Getting Started on the Internet
Q: I am new at this family research thing, where do I start looking on the Internet for my family name "Monnier" in the New Orleans Area. -- Jules
A: The easiest way to get started is to purchase one of the available software programs. You can then type in the information and the program will print it out in many of the standard, accepted, genealogical formats.
After you have some information, from talking with your living relatives, you will begin your search of the Internet by visiting some compiled sites. When you are doing this, it is essential that you set up some sort of a log of the sites you visit. Your log should include the following information: date of search, the title of the site, the URL of the site, and some details about the results from your visit. If you do not keep track of the sites you visit, and when you last visited them, you will find yourself going around in circles -- constantly revisiting sites that were of no use to you.
Compiled sites are designed to bring together a variety of web pages so that you don't have to go out looking for them. The better ones will have them organized under subjects. This allows you to visit their site and select the appropriate subject for what you are looking for. For your research, you would want to check the following subjects: Surname, Personal Web Pages, United States, and perhaps Finding People. I suggest the Finding People section as it will take you to web pages for locating living people, and you could search for those who also have the MONNIER surname.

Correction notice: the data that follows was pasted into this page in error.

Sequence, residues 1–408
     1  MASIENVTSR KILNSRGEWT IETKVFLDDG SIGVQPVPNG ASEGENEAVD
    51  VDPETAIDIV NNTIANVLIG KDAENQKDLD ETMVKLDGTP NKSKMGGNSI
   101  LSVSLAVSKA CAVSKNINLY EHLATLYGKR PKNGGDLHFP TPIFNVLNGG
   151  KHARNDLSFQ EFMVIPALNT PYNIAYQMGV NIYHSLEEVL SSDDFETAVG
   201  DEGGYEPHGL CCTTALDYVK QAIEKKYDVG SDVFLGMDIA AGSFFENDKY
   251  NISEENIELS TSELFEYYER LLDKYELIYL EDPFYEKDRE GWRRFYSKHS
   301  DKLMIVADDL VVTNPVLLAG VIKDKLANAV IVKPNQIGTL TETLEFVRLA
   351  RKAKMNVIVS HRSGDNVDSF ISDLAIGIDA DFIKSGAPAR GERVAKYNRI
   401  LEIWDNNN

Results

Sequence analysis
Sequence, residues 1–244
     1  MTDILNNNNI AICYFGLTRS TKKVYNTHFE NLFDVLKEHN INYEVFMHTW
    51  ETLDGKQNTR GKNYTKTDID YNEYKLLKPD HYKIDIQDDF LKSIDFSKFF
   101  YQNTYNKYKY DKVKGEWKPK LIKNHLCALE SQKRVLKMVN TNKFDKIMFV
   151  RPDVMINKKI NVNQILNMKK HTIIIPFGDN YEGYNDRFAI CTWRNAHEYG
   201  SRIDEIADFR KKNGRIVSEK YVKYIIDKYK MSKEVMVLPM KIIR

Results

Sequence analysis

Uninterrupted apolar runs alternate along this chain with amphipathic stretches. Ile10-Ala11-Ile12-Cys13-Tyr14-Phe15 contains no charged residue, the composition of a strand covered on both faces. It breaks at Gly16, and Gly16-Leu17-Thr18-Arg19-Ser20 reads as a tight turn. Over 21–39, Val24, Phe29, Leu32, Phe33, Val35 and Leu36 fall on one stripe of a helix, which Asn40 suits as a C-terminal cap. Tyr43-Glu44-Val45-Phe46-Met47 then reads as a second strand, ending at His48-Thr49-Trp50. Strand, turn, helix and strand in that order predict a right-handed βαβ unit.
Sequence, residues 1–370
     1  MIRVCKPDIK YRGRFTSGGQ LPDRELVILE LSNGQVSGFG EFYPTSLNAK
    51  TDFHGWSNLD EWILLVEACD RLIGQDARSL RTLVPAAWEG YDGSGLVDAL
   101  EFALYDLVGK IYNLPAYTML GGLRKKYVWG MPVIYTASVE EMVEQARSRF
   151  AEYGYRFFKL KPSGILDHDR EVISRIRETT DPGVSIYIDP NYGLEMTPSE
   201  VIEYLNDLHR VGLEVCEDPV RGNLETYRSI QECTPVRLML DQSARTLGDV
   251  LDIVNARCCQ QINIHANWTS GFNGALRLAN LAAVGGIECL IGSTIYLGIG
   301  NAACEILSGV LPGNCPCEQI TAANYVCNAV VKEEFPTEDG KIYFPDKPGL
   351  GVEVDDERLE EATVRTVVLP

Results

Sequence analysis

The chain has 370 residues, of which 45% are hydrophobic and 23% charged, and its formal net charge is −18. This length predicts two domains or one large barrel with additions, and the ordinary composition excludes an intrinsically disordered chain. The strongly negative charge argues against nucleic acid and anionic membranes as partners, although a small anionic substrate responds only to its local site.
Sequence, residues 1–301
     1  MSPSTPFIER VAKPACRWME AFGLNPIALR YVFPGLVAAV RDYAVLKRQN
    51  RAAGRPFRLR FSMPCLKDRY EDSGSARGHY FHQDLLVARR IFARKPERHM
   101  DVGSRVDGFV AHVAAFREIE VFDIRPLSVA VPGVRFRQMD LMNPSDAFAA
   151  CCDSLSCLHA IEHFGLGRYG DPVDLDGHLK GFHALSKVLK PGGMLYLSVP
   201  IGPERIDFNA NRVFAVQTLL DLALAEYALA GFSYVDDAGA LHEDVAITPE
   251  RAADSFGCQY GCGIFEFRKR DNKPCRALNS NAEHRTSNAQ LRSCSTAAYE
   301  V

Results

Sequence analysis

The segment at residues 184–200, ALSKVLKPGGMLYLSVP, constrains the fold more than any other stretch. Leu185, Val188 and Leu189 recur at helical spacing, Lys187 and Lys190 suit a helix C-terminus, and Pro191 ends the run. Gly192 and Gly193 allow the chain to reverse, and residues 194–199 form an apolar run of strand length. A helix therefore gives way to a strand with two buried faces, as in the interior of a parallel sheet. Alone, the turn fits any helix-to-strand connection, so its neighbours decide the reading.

Another valuable resource for researchers can be found in mailing lists and bulletin boards. Mailing lists concentrate on a specific topic. It could be a surname, locality or resource. It brings together individuals who share this common thread. And the best part is that the messages arrive in your e-mail each day. You can easily keep in touch with others. One of the best web sites for mailing lists is RootsWeb . You can visit them to see what mailing lists might be useful to you in your research.
Finally, you will want to use a search engine designed to include only those sites that are of genealogical value.
Using Land Records
Q: Are land records available on microfilm like census records? I guess what I'm asking for is a primer on where I need to start looking to review these types of records. -- Bill
A: Land records generally have two types of indexes. The grantor index is an index to those who are selling the land and the grantee index is an index to those who are buying the land. This is your first stop when beginning to work with land records. Many of these are on microfilm and can be accessed through your local Family History Center.